I have found that people tend to ignore reading a pamphlet which is distributed on a road side. How can one ensure in terms of design and strategy that people read and most importantly understand quickly what the pamphlets try to convey.

Are there any studies which provide guidelines or heuristics on designing pamphlets for public distribution in terms of:

  • Ideal Dimensions of pamphlets
  • Content density
  • Optimal Templates
  • Layout design
  • Suitability and acceptability to specific population type
  • What do you mean by suitability and acceptability to specific population type? I would assume that in general people don't want to get information they don't want to read. I imagine that it wouldn't be too different compared to its electronic counterpart... except that they have a physical presence and are therefore less easy to dispose of. Apparently pamphlets (and flyers) are still quite good in terms of B2B and directed household marketing, but this should be in a different discussion because the last point is probably outside of UX discussion. – Michael Lai Mar 18 '13 at 6:41

You're essentially asking how to design an pamphlet to interrupt someone's attention and get them to read something that they aren't interested in. The answer is that you shouldn't. It's poor UX.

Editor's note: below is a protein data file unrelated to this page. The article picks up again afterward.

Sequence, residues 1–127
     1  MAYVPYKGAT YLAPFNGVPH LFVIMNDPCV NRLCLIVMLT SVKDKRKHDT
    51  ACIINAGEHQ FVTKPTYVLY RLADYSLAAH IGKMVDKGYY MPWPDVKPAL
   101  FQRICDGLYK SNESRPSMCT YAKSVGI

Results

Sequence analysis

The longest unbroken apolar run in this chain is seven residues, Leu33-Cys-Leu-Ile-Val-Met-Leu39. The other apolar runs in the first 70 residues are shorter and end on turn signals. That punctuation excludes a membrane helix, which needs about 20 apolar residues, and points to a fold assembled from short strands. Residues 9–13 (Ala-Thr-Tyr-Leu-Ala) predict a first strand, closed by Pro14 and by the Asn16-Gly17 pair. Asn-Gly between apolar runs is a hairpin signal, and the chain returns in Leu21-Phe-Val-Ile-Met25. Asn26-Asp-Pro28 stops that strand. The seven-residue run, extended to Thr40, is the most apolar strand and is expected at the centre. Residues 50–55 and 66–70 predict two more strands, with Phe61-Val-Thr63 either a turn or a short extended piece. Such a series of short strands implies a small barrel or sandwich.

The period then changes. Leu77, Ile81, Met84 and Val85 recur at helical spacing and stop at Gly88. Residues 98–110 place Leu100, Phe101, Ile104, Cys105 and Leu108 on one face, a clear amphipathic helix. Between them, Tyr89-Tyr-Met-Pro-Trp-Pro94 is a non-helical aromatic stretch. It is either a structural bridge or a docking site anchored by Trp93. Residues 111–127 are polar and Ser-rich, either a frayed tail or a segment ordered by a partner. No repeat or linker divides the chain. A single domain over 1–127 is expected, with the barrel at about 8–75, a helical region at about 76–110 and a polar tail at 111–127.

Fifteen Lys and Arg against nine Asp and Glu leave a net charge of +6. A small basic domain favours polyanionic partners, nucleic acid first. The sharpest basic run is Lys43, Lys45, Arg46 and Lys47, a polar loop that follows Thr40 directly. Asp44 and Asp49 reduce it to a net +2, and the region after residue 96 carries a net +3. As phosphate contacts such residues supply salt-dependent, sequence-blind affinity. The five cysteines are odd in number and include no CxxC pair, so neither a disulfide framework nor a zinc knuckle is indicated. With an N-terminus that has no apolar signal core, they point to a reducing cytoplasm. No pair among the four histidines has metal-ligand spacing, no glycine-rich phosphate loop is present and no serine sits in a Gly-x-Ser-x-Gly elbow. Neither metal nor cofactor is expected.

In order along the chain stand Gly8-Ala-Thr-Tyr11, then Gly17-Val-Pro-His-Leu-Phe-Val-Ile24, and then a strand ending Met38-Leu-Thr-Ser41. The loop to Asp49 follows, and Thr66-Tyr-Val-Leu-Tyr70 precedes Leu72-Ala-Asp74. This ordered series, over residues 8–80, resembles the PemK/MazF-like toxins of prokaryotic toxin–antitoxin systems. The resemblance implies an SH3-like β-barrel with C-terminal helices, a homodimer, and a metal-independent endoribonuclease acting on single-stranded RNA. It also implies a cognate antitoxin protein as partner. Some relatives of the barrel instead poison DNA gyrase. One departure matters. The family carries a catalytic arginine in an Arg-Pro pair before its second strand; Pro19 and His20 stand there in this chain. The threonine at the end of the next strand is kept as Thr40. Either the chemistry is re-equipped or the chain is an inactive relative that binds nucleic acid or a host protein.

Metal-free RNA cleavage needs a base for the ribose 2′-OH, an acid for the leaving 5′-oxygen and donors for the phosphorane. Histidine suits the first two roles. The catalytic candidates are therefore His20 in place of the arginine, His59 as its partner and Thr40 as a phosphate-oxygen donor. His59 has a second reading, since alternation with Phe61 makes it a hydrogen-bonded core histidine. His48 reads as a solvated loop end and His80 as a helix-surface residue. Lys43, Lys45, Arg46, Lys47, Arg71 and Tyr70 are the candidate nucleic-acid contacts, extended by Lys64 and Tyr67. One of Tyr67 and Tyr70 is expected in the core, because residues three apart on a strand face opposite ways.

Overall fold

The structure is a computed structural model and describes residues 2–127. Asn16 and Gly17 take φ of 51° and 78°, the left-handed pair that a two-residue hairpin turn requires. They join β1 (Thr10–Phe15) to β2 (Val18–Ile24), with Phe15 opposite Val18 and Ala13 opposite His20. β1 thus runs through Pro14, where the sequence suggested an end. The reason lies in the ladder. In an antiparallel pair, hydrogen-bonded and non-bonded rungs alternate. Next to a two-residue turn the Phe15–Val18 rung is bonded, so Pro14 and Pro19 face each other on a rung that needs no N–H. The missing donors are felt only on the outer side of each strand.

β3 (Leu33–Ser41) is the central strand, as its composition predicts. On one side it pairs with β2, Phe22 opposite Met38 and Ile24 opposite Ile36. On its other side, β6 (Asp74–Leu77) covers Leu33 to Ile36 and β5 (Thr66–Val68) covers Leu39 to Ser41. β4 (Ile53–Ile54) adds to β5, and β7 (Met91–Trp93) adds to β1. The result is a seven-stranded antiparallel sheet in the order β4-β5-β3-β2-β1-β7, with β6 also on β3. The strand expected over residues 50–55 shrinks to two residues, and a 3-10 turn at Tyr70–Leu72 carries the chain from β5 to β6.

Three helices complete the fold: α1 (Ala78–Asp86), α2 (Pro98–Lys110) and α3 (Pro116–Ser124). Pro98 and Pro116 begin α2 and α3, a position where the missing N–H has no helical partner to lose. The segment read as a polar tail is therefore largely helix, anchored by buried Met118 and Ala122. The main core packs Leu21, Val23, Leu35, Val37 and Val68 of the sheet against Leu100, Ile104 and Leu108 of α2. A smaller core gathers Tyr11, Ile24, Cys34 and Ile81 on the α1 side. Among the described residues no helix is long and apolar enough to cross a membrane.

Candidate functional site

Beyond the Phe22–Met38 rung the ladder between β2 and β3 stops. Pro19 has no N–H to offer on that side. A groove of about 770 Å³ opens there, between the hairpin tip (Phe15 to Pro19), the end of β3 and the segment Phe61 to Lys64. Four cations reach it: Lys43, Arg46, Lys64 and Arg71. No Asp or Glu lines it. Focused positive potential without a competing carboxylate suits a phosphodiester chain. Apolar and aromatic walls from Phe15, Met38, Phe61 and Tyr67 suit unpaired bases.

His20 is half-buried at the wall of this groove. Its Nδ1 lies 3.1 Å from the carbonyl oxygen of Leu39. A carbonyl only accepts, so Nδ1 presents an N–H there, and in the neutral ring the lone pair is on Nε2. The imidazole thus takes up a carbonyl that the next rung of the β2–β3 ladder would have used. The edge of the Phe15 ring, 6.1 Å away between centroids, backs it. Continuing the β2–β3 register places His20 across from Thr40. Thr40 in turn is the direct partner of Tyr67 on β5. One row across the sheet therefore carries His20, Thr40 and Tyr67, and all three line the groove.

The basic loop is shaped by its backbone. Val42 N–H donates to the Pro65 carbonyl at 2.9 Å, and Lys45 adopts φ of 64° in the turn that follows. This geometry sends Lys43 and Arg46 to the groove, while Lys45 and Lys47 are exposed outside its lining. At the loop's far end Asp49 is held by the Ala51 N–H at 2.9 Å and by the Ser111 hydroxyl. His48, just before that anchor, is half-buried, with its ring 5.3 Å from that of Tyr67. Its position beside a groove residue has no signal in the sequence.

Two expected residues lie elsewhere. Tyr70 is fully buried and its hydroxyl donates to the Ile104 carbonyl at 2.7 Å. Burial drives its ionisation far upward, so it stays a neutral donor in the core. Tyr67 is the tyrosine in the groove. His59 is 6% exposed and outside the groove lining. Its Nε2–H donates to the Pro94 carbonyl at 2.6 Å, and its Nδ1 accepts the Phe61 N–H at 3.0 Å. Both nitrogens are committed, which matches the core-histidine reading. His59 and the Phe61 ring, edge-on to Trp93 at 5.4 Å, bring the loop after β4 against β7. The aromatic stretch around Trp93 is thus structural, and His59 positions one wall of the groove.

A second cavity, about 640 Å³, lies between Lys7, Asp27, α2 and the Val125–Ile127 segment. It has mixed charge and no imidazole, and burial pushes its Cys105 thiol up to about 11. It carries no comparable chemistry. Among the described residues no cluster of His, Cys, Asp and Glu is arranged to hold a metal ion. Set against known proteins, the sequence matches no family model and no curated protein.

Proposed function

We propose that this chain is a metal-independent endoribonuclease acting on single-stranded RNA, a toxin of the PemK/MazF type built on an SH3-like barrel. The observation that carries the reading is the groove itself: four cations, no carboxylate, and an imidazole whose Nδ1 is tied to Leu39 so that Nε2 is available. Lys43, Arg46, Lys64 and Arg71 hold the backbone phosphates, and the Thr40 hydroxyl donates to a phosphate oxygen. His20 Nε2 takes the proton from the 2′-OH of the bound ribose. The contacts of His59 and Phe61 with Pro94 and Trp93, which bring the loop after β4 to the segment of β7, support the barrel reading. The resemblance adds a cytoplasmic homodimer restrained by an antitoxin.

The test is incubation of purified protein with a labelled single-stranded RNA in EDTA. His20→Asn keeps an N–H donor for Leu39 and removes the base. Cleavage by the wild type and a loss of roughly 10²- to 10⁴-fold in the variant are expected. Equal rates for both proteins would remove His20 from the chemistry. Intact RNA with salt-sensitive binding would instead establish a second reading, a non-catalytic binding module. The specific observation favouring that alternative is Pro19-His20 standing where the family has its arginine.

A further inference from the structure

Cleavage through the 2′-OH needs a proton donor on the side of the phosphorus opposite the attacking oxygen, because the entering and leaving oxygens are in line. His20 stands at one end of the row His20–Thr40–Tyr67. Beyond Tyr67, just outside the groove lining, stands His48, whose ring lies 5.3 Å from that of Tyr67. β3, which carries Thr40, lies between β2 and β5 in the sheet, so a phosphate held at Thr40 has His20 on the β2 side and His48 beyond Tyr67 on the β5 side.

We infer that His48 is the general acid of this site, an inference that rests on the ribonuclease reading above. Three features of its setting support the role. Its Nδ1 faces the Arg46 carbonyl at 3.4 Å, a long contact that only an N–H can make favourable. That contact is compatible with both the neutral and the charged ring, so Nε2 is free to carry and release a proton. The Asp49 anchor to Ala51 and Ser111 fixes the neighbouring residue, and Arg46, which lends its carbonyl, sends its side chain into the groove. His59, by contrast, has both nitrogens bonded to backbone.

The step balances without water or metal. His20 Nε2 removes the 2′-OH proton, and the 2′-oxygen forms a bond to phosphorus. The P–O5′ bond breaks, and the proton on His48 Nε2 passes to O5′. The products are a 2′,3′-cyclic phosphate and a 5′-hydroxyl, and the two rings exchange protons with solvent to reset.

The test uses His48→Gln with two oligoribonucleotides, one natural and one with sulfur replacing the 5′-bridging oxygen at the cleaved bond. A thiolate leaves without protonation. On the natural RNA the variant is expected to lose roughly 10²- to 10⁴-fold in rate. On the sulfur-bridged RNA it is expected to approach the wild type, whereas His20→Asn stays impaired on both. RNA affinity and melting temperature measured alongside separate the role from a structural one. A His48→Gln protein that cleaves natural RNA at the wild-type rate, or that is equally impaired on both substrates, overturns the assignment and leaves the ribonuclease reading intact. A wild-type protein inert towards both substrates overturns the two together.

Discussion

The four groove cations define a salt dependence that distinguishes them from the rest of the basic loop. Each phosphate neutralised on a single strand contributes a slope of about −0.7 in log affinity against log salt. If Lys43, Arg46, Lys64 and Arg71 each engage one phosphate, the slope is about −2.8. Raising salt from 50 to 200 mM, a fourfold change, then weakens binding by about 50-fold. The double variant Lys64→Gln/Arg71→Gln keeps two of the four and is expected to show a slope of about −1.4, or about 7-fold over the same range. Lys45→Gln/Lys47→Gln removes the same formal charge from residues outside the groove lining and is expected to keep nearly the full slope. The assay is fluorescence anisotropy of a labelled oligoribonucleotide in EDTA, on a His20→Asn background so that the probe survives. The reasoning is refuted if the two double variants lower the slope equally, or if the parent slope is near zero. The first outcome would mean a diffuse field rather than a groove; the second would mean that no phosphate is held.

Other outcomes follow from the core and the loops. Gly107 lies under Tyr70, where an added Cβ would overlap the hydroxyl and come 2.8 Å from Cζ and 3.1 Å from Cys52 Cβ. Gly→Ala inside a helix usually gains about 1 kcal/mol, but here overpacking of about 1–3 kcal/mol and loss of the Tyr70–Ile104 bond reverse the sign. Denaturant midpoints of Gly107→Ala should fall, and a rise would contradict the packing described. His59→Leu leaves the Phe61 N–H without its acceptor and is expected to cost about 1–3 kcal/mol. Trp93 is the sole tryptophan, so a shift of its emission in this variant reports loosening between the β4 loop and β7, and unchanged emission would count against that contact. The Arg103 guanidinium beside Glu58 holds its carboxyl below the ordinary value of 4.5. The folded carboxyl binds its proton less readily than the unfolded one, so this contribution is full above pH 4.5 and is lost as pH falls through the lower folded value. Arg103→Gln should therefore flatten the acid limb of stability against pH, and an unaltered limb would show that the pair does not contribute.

If you want people to read a pamphlet, however there are a few things that you can do (outside of the design of the pamphlet) to increase that possibility:

  • Give them to people that are likely interested in the topic in the first place. I don't care about makeup or beauty care, so no matter how great your pamphlet is, I'm not going to read anything on that topic. However make it about an awesome travel experience and I'm likely to read it. So find places where people interested in what you are promoting may hang out, rather than randomly to anyone.
  • Make sure there is something in it for the reader. Simply telling me something doesn't count here unless there is something of value in it for me. Saying XYZ shop has opened is rarely going to work. However saying that this pamphlet will get me a 30% discount at said shop may work.
  • You generally have one line to attract someone's attention. They are unlikely to read the whole pamphlet before making up their mind. Make your value proposition immediately clear to the reader. If you're giving me a 30% discount at a store, don't put it in the fine print.

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